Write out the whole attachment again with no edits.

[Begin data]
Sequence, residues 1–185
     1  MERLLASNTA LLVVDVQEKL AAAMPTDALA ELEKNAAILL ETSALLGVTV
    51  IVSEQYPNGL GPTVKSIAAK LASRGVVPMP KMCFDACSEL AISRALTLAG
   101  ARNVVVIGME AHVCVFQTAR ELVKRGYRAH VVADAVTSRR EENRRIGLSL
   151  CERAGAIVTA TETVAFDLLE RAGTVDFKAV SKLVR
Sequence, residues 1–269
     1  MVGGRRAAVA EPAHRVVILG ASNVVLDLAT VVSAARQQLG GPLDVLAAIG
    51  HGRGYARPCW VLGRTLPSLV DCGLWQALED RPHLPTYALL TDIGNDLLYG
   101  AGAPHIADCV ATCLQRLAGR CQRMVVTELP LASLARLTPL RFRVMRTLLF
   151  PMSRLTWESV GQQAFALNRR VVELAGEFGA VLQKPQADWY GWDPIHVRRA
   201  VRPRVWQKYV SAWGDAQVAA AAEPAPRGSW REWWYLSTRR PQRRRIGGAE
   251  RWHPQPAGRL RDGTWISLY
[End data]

Sequence, residues 1–185
     1  MERLLASNTA LLVVDVQEKL AAAMPTDALA ELEKNAAILL ETSALLGVTV
    51  IVSEQYPNGL GPTVKSIAAK LASRGVVPMP KMCFDACSEL AISRALTLAG
   101  ARNVVVIGME AHVCVFQTAR ELVKRGYRAH VVADAVTSRR EENRRIGLSL
   151  CERAGAIVTA TETVAFDLLE RAGTVDFKAV SKLVR
Sequence, residues 1–269
     1  MVGGRRAAVA EPAHRVVILG ASNVVLDLAT VVSAARQQLG GPLDVLAAIG
    51  HGRGYARPCW VLGRTLPSLV DCGLWQALED RPHLPTYALL TDIGNDLLYG
   101  AGAPHIADCV ATCLQRLAGR CQRMVVTELP LASLARLTPL RFRVMRTLLF
   151  PMSRLTWESV GQQAFALNRR VVELAGEFGA VLQKPQADWY GWDPIHVRRA
   201  VRPRVWQKYV SAWGDAQVAA AAEPAPRGSW REWWYLSTRR PQRRRIGGAE
   251  RWHPQPAGRL RDGTWISLY